The View on Value: how rethinking sampling will increase your innovation research’s value

July 14, 2020

Jack Miles
Senior Research Director

Sampling – research’s forgotten child

Research provides value to innovation with new ideas, finding unmet customer needs and profitably developing new products. However, sampling traditions reduce how much value research can add to innovation.

Digital platforms, more IT power and design thinking (amongst others) has innovated data collection and analysis. Conversely, sampling has been left behind. Online panels and social media have evolved the sampling process. But how we decide who to include in research has been comparatively stagnant.

Sampling convention – innovation’s BMI

Samples for innovation research usually reflect a specific target customer profile. To be included in such samples, people must reflect the ‘typical’ or ‘average’ target customer’s demographic, behaviours and attitudes.

This approach (first known as ‘a monograph study’) is based on Belgian astronomer Adolphe Quetlet’s average man study. This was the first known use of averages to summarise large data sets.

Quetlet’s ‘average man’ study led to him inventing the Body Mass Index (BMI). The BMI calculates if your weight is healthy based on height, weight and age. However, the BMI is viewed as flawed. It ignores nuances like muscle and fats differing weights in favour of simplicity. Resultantly, BMI classes World Heavyweight Boxing champion Anthony Joshua as nearly obese.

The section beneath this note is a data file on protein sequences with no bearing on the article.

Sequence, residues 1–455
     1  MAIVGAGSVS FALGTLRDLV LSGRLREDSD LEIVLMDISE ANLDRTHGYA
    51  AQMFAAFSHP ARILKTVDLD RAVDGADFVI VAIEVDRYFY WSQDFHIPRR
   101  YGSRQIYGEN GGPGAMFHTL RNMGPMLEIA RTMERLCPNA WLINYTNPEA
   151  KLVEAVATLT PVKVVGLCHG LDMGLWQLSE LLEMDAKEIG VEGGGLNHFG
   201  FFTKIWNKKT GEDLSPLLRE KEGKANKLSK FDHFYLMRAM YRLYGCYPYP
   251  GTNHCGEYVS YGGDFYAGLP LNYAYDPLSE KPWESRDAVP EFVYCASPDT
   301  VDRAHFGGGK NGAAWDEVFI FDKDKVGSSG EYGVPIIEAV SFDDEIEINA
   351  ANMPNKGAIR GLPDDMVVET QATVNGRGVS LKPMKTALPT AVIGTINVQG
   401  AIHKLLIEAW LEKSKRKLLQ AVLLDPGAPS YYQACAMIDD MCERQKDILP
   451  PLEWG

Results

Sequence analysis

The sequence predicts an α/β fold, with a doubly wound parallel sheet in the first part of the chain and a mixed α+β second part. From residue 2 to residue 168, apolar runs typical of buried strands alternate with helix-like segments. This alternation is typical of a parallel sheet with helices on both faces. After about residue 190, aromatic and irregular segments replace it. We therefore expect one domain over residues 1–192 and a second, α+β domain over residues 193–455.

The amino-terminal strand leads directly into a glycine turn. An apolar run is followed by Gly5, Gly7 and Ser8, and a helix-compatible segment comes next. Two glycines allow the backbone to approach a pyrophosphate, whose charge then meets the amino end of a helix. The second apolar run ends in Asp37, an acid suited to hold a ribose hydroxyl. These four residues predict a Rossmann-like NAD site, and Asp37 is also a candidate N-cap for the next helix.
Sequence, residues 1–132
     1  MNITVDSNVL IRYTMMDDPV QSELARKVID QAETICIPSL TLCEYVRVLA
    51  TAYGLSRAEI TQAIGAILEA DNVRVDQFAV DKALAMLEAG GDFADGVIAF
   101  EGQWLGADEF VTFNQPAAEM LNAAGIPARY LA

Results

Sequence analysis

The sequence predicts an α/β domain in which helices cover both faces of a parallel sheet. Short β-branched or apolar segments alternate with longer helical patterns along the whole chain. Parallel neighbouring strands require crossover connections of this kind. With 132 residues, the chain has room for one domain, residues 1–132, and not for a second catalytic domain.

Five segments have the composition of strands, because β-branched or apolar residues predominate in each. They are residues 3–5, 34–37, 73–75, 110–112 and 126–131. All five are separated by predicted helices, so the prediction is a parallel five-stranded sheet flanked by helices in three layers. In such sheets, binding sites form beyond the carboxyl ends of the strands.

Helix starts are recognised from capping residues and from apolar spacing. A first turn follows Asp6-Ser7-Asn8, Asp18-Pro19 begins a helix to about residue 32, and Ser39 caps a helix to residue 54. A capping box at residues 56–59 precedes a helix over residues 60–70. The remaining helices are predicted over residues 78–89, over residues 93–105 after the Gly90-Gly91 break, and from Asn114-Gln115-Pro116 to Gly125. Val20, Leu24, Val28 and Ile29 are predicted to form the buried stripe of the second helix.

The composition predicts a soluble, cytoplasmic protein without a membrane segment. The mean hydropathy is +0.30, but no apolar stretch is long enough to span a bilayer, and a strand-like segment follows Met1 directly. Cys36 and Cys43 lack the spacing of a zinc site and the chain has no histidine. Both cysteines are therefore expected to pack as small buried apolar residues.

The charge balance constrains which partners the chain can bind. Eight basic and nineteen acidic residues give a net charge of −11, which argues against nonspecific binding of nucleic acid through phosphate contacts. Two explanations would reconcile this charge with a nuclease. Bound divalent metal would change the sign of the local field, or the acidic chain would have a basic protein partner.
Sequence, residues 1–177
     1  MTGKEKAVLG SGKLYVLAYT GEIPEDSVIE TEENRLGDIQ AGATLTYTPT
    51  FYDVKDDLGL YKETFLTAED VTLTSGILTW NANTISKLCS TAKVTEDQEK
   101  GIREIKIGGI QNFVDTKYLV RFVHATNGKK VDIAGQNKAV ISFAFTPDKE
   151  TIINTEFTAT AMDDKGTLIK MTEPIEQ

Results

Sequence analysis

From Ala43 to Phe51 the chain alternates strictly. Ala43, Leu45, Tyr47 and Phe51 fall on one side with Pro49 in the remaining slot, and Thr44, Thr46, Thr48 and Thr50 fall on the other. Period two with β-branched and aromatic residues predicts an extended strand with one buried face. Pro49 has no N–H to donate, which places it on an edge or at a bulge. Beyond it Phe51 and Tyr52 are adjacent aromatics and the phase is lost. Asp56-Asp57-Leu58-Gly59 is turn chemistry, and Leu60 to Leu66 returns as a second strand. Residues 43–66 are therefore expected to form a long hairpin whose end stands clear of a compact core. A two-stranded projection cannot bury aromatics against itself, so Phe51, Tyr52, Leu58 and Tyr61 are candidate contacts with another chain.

The value creation risks

For reasons like the BMI’s poor interpretation of an elite athlete’s health, reliance on target customer sampling limits the value innovation research can create:

  • Typical/average people create average thinking. Average thinking = average insight. Average insight = average innovations. Average innovations = failure
  • Target customer profiles reflect typical/average customers. However, the amount of target customers with a typical/average profile is low. In 1950 US Air Force Lieutenant Daniels showed the issue this causes.
  • Daniels studied why US Air Force planes had 172 safety incidents in one month. During his study, Daniels measured 140 physical dimensions of 4,063 pilots. No pilots had average dimensions on even 10 of the 140 measured. Therefore, the US Air Force’s cockpits were designed vs. a non-existent average. This error cost lives in air travel. It will cost millions in business
  • Innovation research typically uses samples based on geography and category behaviour. This seems to make sense. Why do research where you aren’t active and with people you won’t sell to?

Here’s why. The world isn’t defined by geographical borders and product category labels. Far from it. The internet means society is borderless beyond words compared to when British haberdasher John Graunt first used a sample in 1622. Sampling, to its detriment, has ignored this.

The value creating solutions

Target sampling had a diverse birth combining astrology and haberdashery. Its routes to creating more value are equally diverse:

A table tennis rebel